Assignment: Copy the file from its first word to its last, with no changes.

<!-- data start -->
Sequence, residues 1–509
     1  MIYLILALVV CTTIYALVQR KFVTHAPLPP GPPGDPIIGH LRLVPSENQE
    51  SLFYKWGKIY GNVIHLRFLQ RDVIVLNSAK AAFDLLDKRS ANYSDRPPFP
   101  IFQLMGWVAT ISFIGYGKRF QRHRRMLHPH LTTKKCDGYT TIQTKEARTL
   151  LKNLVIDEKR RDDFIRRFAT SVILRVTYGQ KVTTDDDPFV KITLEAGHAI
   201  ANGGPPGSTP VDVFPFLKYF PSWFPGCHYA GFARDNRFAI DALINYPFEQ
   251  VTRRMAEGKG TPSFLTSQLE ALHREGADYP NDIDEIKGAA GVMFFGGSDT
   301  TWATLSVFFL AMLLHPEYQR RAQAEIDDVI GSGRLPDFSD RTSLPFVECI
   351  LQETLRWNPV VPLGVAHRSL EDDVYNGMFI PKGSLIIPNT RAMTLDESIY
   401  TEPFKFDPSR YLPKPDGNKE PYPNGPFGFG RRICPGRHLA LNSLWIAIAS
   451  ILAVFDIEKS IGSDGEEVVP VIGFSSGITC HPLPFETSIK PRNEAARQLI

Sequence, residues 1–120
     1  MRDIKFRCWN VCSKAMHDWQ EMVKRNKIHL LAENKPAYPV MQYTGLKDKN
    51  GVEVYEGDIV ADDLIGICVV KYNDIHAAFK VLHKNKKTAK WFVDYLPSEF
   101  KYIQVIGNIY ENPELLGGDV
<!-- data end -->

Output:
Sequence, residues 1–509
     1  MIYLILALVV CTTIYALVQR KFVTHAPLPP GPPGDPIIGH LRLVPSENQE
    51  SLFYKWGKIY GNVIHLRFLQ RDVIVLNSAK AAFDLLDKRS ANYSDRPPFP
   101  IFQLMGWVAT ISFIGYGKRF QRHRRMLHPH LTTKKCDGYT TIQTKEARTL
   151  LKNLVIDEKR RDDFIRRFAT SVILRVTYGQ KVTTDDDPFV KITLEAGHAI
   201  ANGGPPGSTP VDVFPFLKYF PSWFPGCHYA GFARDNRFAI DALINYPFEQ
   251  VTRRMAEGKG TPSFLTSQLE ALHREGADYP NDIDEIKGAA GVMFFGGSDT
   301  TWATLSVFFL AMLLHPEYQR RAQAEIDDVI GSGRLPDFSD RTSLPFVECI
   351  LQETLRWNPV VPLGVAHRSL EDDVYNGMFI PKGSLIIPNT RAMTLDESIY
   401  TEPFKFDPSR YLPKPDGNKE PYPNGPFGFG RRICPGRHLA LNSLWIAIAS
   451  ILAVFDIEKS IGSDGEEVVP VIGFSSGITC HPLPFETSIK PRNEAARQLI

Sequence, residues 1–120
     1  MRDIKFRCWN VCSKAMHDWQ EMVKRNKIHL LAENKPAYPV MQYTGLKDKN
    51  GVEVYEGDIV ADDLIGICVV KYNDIHAAFK VLHKNKKTAK WFVDYLPSEF
   101  KYIQVIGNIY ENPELLGGDV